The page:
The triumph of Chennai Super Kings in the IPL comes as the very anterior of the performance metrics and statistics loaded approach of the scientific world of modern sport. The victory pays no compliment to the ‘Moneyball’ way of hiring smart with the Sabermetric method of scouting and analysing players. The CSK chose its players on pure instinct, on familiarity and ‘cricketing’ knowledge of their strengths and weaknesses. This is more like the racehorse trainer method of recommending a thoroughbred.
Chennai Super Kings is no Oaklands Athletics baseball team. It has never been cash-strapped in its nine of 11 seasons in the IPL. Where CSK are so different from the Oakland team is in their betting on instinct to pick players they are happy with rather than go the modern way of soaking up the stats and picking the undervalued lot and try to assemble a competitive team at economical pricing.
No Sabermetrics for CSK, only pure old instinct of its wise coach Stpehen Fleming and its wizened skipper Mahendra Singh Dhoni. It appeared they didn’t even have the calendar app to keep track of their players’ birthdays because age was not a factor in their choice of players either. They seemed to believe that the older the cricketer, the brainier his performance in a format that is otherwise thought to be an increasingly young man’s game.
The IPL teams tend to come to the auction tables after a load of research into player analytics like their batsmen’s T-20 strike rates and the economy rates of their bowlers, with the new ball and at the death. While most would like to believe that the cheque books of the owners are always good for the escalating bids on players, there are teams that have made it their business to buy smart, as Kings XI Punjab may have done with Chris Gayle. There was no guarantee he would last the course though.
What makes the CSK approach so different is in pinning faith in an ageing set of players just because they are familiar with them. But, as Dhoni explained, it was their knowledge of the player's fitness levels that was germane to sport and not age. This is unusual thinking in an age in which the computer is the boss, because it can at the touch of a button spew out analytics and statistics on every aspect of a cricketer’s game, much as analytics-obsessed pro sport of USA does in detailing players’ game analyses.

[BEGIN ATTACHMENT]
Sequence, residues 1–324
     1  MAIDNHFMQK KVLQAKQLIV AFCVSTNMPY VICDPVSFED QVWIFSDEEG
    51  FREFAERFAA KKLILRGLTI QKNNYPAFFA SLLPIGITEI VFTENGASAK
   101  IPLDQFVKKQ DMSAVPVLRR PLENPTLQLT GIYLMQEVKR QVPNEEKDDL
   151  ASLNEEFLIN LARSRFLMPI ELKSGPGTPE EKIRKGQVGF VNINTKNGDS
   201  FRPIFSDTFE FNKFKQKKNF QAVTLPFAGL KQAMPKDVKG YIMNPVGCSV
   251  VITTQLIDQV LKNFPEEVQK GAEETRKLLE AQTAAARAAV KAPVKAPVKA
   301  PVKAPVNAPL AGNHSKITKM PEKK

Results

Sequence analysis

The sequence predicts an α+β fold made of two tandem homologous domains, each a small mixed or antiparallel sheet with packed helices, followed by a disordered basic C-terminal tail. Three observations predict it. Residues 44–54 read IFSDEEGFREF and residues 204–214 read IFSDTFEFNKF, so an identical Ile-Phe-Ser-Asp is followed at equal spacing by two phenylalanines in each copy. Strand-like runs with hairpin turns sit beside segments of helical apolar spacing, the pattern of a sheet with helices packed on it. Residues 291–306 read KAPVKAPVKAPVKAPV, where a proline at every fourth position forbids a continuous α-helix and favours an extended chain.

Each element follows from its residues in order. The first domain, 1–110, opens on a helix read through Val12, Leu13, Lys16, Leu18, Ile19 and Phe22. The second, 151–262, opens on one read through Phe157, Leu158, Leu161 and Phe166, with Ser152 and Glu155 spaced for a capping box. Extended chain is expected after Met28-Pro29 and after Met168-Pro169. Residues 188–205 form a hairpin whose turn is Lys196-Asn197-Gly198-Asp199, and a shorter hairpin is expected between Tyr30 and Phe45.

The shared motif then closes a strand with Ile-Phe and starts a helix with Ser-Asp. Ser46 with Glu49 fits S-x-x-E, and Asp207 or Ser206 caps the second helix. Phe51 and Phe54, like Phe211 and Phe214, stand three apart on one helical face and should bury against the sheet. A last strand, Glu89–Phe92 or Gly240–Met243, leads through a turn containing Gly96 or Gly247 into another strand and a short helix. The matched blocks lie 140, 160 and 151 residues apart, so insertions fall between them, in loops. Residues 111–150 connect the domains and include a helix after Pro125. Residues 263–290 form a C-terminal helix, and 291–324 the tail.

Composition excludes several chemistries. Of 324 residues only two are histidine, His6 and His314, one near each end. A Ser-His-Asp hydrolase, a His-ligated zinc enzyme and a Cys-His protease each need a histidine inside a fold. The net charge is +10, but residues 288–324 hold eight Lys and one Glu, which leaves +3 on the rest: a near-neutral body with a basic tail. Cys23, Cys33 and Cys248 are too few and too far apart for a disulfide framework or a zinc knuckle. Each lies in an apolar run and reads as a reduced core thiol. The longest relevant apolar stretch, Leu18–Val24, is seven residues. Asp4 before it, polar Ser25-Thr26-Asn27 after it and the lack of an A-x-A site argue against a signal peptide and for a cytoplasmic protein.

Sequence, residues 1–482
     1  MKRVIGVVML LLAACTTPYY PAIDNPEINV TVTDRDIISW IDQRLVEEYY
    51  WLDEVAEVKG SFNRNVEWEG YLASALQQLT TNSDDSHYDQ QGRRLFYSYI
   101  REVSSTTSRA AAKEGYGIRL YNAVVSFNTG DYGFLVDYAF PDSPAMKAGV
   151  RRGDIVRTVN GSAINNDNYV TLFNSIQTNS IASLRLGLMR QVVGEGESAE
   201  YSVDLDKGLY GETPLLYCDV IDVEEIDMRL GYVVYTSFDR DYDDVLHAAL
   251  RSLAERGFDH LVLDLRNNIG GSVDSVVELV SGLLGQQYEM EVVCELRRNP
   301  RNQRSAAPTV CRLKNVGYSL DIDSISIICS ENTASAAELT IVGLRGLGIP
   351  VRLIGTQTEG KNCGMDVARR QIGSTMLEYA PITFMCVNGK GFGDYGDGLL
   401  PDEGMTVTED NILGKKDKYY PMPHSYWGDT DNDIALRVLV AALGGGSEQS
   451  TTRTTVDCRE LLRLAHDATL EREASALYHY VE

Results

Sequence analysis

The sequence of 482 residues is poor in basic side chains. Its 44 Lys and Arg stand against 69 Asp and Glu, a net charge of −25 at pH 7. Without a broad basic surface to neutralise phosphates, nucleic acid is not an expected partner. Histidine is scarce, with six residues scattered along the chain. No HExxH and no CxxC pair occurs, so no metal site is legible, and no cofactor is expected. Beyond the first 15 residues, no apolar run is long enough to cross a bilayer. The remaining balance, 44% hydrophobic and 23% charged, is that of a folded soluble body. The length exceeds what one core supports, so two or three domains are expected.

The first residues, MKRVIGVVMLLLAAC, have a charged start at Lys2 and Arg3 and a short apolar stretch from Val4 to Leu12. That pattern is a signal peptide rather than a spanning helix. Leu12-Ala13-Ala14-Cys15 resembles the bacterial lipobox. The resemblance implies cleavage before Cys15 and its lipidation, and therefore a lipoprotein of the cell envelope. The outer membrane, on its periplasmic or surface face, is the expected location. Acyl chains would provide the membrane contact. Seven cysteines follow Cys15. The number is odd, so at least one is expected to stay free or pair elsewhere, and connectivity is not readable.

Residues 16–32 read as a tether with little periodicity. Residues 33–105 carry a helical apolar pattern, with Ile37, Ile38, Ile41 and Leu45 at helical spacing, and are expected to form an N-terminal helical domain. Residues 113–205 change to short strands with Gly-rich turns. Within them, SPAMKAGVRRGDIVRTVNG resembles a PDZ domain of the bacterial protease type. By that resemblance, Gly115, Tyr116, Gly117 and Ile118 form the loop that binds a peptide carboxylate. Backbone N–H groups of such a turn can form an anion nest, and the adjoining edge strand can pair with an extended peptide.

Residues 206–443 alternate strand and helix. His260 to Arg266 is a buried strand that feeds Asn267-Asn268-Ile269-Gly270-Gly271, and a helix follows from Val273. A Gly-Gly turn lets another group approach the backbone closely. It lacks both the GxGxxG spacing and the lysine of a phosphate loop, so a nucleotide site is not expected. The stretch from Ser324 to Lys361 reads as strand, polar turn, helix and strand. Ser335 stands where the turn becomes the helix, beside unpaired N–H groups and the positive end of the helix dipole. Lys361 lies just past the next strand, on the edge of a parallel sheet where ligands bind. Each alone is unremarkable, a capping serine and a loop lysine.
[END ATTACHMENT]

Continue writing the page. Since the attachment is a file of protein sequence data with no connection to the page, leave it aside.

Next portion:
“It is a great dynamic. It is about using the strength of a remarkable captain, with a strong franchise, with a good game plan,” said coach Fleming even as he praised his captain's handling of the ageing battler Shane Watson, who was wrapped in cotton wool, his work as an all-rounder cut and his placement in the inner circle designed to leave all his energies free for smacking the ball out of the park from his slot at the top of the order.
“We always like players who are multi-talented,” Fleming said of the man who singlehandedly made the chase in the final seem so easy. And to think he was considered “a failure” at Royal Challengers, Bangalore where he batted in the middle order. This indicated that man management had done the trick and not a table of averages and strike rates.
International cricket was late in stumbling upon analytics. Even by the late 1980s it had not become fashionable to put a video camera behind the bowler’s arm in the nets to study the bio-mechanics. This prevailed until Dennis Lillee arrived on the scene with his more analytical approach to coaching fast bowlers. Even so, it wasn’t until the new millennium did full scale analytics come into India to support Team India and we have to thank Sourav Ganguly, who as captain saw the light after coach John Wright brought in a video analyst from Chennai named Ramky.
Today, IPL cricket is filled with analytics, with each facet of the game and the cricket of its players dissected to its minutest points in order to enhance the chances of winning. Pitch maps of bowlers’ line, length and pace, exhaustive video analysis, favourite scoring areas of batsmen and much more is dealt with on a daily basis by professional analysts who are virtual coaches.
The X factor in CSK’s cricket was its easy dressing room atmosphere in which Dhoni's Captain Cool avatar is most beneficent. It would be fair to say CSK is a players’ team as much as Dhoni is the cricketer's cricketer and ‘Minimum Management’ has been the mantra of the owners. Maybe, that is one reason why a team with nine men over 30 could win the IPL, that too with a team picked on the captain's instincts rather than a computer program. This is not the way of modern cricket, which is said to suffer from ‘paralysis by analysis’, as one England cricketer put it. But Dhoni’s way has often surprised by being the best and this is just another instance of sporting instinct prevailing.
(R. Mohan is the Resident Editor of the Chennai and Tamil Nadu editions of Deccan Chronicle)